In 1978, Cruise’s mother remarried. “In the beginning, I felt threatened by my stepfather,” the star said in 1986. “There’s a part of you that’s in love with your mother. But John [South] is such a wise, smart man. He loved my mother so much that he took us all in, four young people.”

Cruise’s stepfather John South became a new inspiration for him, although the memory of his birth father still loomed large. “[Mapother] was a person who did not have a huge influence on me in my teens; the values and motivation really came from my stepfather,” he said. “But [Mapother] was important. Really important. It’s all sort of complex. There wasn’t [just] one thing I felt.”

A young Cruise at prom

South also stepped in to lend Cruise money as he followed his acting dreams to New York City. Early on, Cruise continued to use his full birth name professionally until an agent persuaded him to drop the Mapother and use the middle name he shared with his father as his surname. (It is unclear whether Cruise has legally changed his name, although his children Connor, Isabella and Suri all use Cruise as their surname.)

By the 80s, Cruise was starring in blockbusters – and critics and fans have noticed that many of his movies involved antagonistic father figures. “In the earliest stages of his career, Cruise’s choice of roles could be interpreted as an expression of antipathy towards fathers,” wrote one critic. In fact, Cruise’s own views on parenthood have reshaped many of his roles, with critic Amy Nicholson noting: “Father issues haunt his films – additions he’s had written into scripts. In Cruise’s films, fathers disappear but leave a legacy that strangles their sons.”

These included a clueless, vacationing dad in Risky Business, a father killed in the Vietnam War in Top Gun, a possessive and controlling father in Cocktail, and an estranged deceased father in Rain Man. Cruise’s character is usually pitted against these authority figures.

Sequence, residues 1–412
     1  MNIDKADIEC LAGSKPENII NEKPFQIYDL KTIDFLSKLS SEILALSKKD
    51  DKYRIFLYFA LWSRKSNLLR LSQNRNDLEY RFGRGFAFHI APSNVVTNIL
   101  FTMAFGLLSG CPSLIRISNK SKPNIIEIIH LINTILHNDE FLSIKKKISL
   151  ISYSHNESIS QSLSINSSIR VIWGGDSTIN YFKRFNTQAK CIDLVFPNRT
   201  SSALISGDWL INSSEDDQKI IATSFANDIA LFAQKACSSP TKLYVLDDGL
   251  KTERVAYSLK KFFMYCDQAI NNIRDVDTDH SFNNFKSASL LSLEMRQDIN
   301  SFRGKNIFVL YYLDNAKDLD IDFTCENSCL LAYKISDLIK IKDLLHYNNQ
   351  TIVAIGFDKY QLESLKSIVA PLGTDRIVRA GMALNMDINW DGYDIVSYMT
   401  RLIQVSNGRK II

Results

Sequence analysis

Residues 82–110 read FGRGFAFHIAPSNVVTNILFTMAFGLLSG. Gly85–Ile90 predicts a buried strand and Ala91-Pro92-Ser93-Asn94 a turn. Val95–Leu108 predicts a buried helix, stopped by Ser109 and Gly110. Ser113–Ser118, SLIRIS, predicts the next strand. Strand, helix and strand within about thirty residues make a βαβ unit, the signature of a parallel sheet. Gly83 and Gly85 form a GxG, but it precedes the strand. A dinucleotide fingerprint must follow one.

“How can I not be that guy?”

In late 1983, after four years of total estrangement, Cruise learned that his father, who was then in his forties, was in hospital recovering from a cancer operation. Cruise joined his siblings at his father’s bedside. After the visit, Mapother told the press that in the years leading up to this reconciliation, “[I] made a personal decision to respect my son’s wishes, which was for me to stay the hell out of everything.”

To another journalist, Mapother said, “I can’t take any credit for [Cruise’s] success. I’m the last person who’ll ever criticize him. Maybe that’s one favor I’ve done for him.” Mapother attributed their estrangement to the messy divorce. “All four of my children showed up at the hospital, and all I could do was cry,” he added. “That’s how bad the strain has been because of the divorce situation.”

“I couldn’t believe it when [Cruise] walked into the room,” he said tearfully. “I was a little concerned that I wouldn’t see my son, because I’d seen a lot of the pictures in the paper and the publicity shots. And that wasn’t my son. He walked into the room…and I knew who he was. What those kids did for me, I could never explain…”

Cruise, however, gave a conflicting account of his and Thomas Sr’s estrangement and reconciliation. According to the star, it was his father, not him, blocking communication for all those years. He said his father never watched any of his movies. “He tried going out to see Risky Business, but he was in too much pain,” Cruise commented on his father’s behaviour. “He left and didn’t want to be contacted for years. I think he was tired of inflicting so much pain on other people that he just had to get away.”